Telecaster Guitar Coaster Gift - Iconic Guitar Inspired Drinks Mat
Regular price £4.95
Iconic Telecaster guitar coaster butterscotch blonde inspired drinks mat gift. This very collectable high quality, hard wearing, high gloss and heat resistant melamine coaster design is unique to Rock’n’Roll Redux and is not available in stores.
Size: 10cm x 10cm (3.94” x 3.94”)
Production: Created on robust, high quality, hard wearing, scratch resistant melamine with a high gloss finish that can withstand temperatures of up to 140ºc. The coasters are hand-made ethically in the UK with a sustainably sourced Eucalyptus board base and a non-slip cork backing.
Designed exclusively for John7Arts / Rock'n'Roll Redux by multimedia artist David Lloyd, an alumni of Central Saint Martins School Of Art and the Institute Of Contemporary Arts in London. Employing the Découpe (cut-up) technique in which written text is cut up and rearranged to create a different and perhaps unexpected new narrative, David has employed shards of lyrics to give discerning fans an opportunity to engage in 'discover the songs' beneath a foreground featuring an iconic and classic guitar. The Découpe concept can be traced back to at least the Dadaists of the 1920s, but was popularised in the late 1950s and early 1960s by writer William S. Burroughs and later employed by David Bowie, Kurt Cobain and Thom Yorke. Each unique Rock’n’Roll Redux design ©2020 David Lloyd.
“I wouldn’t be windmilling a Fender Telecaster if it weren’t for Pete Townshend".
First developed in 1950 by Leo Fender, the Telecaster became the world's first commercially successful bolt-on neck, solid-body electric guitar on the market. Its beautifully clean lines, versatility and revolutionary sound have had a huge impact on popular music around the world, and guitarists are still drawn to them today, just as they were, nearly 70 years ago.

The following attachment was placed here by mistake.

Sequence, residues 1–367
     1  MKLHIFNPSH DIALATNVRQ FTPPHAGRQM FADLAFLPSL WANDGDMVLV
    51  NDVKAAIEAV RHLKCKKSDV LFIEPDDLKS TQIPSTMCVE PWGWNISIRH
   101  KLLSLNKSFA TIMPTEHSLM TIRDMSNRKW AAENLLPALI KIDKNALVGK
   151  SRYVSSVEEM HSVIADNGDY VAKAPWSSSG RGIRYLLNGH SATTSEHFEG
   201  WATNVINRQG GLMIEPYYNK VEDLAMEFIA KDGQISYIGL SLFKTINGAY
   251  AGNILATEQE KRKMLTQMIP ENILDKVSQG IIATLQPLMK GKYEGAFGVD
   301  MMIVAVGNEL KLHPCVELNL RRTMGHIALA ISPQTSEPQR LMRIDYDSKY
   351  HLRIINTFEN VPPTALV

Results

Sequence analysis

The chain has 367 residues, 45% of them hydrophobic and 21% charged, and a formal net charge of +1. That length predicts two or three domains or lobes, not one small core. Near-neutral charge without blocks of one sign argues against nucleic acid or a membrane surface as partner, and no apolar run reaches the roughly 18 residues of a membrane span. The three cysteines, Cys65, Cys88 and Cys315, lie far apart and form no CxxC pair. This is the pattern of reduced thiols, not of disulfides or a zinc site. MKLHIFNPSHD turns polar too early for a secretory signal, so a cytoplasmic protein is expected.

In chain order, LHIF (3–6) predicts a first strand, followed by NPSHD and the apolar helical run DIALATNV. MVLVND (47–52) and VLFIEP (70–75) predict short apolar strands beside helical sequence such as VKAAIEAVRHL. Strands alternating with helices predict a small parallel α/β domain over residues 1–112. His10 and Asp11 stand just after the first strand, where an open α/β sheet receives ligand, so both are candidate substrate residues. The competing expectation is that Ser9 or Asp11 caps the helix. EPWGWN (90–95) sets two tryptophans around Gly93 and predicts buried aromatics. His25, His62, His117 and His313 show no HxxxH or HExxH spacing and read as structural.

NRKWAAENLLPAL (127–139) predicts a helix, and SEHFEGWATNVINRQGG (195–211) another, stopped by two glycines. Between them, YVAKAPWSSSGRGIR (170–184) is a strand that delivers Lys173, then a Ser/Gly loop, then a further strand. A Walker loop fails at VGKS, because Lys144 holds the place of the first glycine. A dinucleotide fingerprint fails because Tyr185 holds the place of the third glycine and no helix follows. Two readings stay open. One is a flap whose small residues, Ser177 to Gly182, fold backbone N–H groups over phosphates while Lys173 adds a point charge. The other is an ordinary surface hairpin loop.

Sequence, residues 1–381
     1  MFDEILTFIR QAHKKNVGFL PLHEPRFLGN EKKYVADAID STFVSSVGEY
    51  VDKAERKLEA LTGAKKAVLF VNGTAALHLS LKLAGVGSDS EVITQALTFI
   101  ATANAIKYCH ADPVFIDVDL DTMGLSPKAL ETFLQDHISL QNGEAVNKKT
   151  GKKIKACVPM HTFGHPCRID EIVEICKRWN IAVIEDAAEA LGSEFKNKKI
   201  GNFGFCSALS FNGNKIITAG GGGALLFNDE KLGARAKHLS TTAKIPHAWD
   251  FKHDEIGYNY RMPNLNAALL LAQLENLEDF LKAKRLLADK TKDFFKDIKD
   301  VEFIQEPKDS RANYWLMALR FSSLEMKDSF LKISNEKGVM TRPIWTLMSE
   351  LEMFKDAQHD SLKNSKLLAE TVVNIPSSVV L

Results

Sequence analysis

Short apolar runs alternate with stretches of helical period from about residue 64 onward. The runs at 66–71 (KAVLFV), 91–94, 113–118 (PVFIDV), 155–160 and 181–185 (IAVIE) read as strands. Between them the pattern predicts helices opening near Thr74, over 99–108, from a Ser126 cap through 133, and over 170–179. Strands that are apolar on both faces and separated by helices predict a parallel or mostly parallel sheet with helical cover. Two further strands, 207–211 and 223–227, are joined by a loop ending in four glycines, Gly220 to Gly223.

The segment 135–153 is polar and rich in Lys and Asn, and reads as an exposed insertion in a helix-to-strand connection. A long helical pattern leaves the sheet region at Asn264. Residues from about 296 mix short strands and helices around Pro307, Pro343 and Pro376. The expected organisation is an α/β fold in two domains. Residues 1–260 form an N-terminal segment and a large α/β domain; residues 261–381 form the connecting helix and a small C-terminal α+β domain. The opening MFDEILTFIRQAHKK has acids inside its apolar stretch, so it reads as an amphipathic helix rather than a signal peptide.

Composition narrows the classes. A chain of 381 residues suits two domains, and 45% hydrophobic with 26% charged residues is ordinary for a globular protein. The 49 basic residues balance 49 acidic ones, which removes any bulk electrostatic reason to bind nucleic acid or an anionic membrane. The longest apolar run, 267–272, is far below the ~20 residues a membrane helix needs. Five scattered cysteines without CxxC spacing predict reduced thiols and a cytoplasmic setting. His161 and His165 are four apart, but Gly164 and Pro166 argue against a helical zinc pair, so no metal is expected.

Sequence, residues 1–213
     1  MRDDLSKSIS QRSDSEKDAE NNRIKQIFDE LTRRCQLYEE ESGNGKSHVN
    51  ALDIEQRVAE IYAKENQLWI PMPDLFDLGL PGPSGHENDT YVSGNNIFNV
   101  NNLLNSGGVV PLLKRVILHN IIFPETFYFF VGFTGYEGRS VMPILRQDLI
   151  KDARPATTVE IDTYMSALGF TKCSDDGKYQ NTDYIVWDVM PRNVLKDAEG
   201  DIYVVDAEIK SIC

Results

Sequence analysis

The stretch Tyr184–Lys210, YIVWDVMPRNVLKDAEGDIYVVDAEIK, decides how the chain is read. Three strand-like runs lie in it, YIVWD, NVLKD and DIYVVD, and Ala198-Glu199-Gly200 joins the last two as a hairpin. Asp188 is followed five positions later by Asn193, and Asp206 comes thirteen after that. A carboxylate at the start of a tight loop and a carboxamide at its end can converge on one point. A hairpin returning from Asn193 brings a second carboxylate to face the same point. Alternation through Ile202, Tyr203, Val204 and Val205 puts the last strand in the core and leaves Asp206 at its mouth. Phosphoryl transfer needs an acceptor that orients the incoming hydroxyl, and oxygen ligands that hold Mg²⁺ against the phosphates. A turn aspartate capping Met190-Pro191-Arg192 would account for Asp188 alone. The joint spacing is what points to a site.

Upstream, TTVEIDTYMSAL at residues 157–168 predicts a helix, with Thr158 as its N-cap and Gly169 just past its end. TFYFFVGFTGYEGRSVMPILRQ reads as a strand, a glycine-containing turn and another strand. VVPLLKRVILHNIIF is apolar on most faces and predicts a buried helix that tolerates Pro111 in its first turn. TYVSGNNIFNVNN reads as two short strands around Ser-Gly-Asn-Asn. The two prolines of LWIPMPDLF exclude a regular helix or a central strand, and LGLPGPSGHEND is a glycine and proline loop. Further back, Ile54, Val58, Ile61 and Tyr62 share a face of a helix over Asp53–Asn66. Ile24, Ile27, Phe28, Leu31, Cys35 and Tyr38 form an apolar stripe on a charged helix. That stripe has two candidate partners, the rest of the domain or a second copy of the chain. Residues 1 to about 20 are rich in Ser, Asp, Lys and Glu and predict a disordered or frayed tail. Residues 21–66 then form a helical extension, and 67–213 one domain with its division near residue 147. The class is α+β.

"Let's take everything we think we know about solid body electrifying guitars and throw it out the window. Let's start over."
Leo Fender on the invention of the Telecaster
Originally called a ‘Fender Broadcaster’, it was met with some harsh reviews, with some competitors and naysayers comparing it to a paddle. Ironically, the guitar has remained, almost unchanged since the earliest models. In 1951 Gretsch ‘asked’ Fender to change the name because they were already selling a drum kit called the ‘Broadkaster’. There was never a formal lawsuit as Fender immediately removed ‘Broadcaster’ from the headstock. The ‘No-Casters’ (as they became known) were in production for just a few months before the guitar was renamed the ‘Telecaster’.
With just one three-position selector switch (allowing for different pickup configurations), and two knobs for controlling volume and tone, the Telecaster, like the Stratocaster, is highly customisable, making it a perfect canvas for new and revolutionary tones throughout the years and has often been referred to as THE workhorse of guitars.
“The Fender Telecaster is a much better invention than the AK-47… A Fender Telecaster has much more penetration… It's a better killer… it's got better communication… You see....the trouble with an AK-47 is that they’re all dead. If you've got a Fender Telecaster.....or like if you've got a Stratocaster, and you play 'Peggy Sue' like Buddy Holly did… Now how many people are you going to get with that? And they are all going to live… and that's going to live forever... I suppose that's what I like about Rock n' Roll".